BY EMMA COOPER ’20
President Trump announced that the United States will impose trade restrictions on China in a speech last Thursday, according to The New York Times. The decision came after the conclusion of a seven-month governmental investigation, which concluded that Chinese companies have engaged in intellectual property theft of American technology and trade secrets.
The White House outlined plans to levy at least $60 billion in annual tariffs on Chinese imports into the United States, following accusations that Chinese companies — particularly in the energy, telecommunications and automobile industries — have employed spying, hacking and intimidation tactics to obtain access to intellectual property.
The Trump administration also sent a letter to Liu He, China’s Vice Premier, with a specific list of requests, as reported by the Wall Street Journal. The requests included asking for a reduction of Chinese tariffs on American cars, increased spending on U.S semiconductors, as well as greater access to the Chinese financial sector for American companies.
Some economists have expressed concern that China will take retaliatory action by targeting American products, effectively resulting in a “trade war.” Christopher Mitchell, professor of international relations and politics, also believes there is a high potential for conflict.
“China will almost certainly attempt retaliation,” he said. “Both because of the direct harm these new tariffs will do to the Chinese economy and because if they don’t retaliate, it will encourage other states to impose similar tariffs on Chinese goods.”
According to Mitchell, these kinds of disputes are traditionally handled by the World Trade Organization (WTO), which determines whether or not a tariff violates WTO rules. If a country continues to impose a tariff in spite of WTO disapproval, the WTO may authorize or deny limited retaliation by the affected party.
“In the past, the United States has adhered to WTO decisions, either removing tariffs or accepting retaliatory tariffs when the WTO ruled against it,” he said. “However, President Trump has earlier expressed skepticism about the WTO, and may chose to launch a second round of tariffs in response to Chinese retaliation even if the WTO rules against the U.S.”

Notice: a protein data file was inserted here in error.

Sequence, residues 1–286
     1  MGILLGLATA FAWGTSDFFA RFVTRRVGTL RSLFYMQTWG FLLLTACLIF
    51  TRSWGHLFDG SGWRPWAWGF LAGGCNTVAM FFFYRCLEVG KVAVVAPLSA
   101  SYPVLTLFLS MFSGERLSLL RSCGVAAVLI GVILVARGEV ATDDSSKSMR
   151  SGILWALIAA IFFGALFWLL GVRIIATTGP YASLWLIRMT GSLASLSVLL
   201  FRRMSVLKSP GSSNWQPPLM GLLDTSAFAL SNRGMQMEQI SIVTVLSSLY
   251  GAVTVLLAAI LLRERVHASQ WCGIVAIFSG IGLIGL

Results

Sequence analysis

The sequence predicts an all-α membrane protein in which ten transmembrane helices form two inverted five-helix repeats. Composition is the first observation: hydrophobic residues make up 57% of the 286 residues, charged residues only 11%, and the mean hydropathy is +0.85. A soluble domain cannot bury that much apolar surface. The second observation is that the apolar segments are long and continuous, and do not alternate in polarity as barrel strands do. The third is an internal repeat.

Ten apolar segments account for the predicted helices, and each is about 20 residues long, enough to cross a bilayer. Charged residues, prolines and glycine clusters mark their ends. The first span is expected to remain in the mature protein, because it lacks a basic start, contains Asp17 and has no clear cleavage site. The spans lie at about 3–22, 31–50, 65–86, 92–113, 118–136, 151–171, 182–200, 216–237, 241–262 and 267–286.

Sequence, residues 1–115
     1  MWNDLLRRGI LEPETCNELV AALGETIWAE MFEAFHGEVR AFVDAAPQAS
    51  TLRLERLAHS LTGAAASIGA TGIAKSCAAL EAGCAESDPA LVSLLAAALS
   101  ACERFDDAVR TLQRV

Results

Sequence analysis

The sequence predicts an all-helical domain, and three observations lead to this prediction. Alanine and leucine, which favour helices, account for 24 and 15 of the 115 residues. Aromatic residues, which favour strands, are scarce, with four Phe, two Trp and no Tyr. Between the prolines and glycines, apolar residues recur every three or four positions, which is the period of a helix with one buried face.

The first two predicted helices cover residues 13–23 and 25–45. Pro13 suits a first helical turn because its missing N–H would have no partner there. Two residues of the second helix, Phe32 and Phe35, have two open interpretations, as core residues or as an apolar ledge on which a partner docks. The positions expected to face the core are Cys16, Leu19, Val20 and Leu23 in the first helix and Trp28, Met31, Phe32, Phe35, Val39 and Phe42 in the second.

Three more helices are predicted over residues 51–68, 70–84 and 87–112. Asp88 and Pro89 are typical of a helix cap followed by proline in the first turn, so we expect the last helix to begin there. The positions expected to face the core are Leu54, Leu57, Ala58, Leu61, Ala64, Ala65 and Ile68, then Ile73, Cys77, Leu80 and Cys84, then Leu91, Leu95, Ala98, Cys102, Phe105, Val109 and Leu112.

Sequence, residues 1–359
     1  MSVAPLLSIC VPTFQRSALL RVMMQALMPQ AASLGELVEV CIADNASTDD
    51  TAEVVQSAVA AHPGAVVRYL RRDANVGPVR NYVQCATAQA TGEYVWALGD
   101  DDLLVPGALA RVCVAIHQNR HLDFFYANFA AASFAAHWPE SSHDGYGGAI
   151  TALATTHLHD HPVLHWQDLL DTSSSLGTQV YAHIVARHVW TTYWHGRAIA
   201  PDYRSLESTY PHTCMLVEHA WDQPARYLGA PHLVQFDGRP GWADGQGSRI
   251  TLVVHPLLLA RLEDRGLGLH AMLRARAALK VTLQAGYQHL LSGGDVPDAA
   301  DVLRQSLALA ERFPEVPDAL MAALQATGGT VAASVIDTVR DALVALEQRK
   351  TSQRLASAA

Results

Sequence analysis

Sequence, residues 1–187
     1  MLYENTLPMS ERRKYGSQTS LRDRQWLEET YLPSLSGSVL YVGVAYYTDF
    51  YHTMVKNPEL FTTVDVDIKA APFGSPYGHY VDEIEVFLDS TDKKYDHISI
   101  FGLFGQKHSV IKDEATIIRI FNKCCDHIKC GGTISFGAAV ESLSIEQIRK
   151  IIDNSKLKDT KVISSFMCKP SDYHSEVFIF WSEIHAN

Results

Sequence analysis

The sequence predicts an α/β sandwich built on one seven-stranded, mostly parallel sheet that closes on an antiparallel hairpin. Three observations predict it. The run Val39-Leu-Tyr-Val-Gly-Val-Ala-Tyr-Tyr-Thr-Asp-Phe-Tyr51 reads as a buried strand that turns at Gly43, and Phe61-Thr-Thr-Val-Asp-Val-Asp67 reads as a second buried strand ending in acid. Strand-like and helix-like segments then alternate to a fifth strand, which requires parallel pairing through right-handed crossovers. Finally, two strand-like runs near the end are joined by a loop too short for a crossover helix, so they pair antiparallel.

Another course of action Mitchell foresees is if the WTO rules in favor of the U.S. instead, and China dismisses the decision and chooses to retaliate regardless of the WTO’s ruling, which could also lead to spiralling economic conflict.
“It would be in neither side’s economic interest to start a trade war,” he said. “But it may happen anyway, either because the U.S. or China is worried about looking weak internationally or to appease domestic constituencies.”
In an interview with Fox News on Sunday, U.S. Treasury Secretary Steven Mnuchin commented on the situation. “We’re not afraid of a trade war, but that’s not our objective,” he said. Mnuchin stated the government will continue with the tariffs, but that officials are also negotiating with China in attempt to come to an agreement.
Jessie Liu ’20, an international student from China, is apprehensive about the effect the tariffs will have on the dealings between the two counties. “[The tariffs] would definitely do harm to the relationship between China and the United States, and [they] would cause losses on both sides instead of mutual benefits,” she said.
The restrictions demonstrate a shift in relations between China and the United States, who have often struggled to reach agreements on trade and other economic issues.
“Candidates for [the presidency] have often criticized incumbent presidents as soft on China,” Mitchel explained, citing examples such as George W. Bush, who initially raised concerns about China as an economic rival. “However, once in office, they’ve changed their tune and started seeing more good than harm in the U.S-China trade relationship.”
He believes that where the Trump administration deviates from the policies of previous presidencies is “taking the kind of hard line position that presidential candidates have often held but softened when in office, rather than the ‘soft touch’ approach to China adopted by presidents of both parties, which attempted to maintain good relations with China, while also gently pushing it on issues such as intellectual property and subsidizing exports.”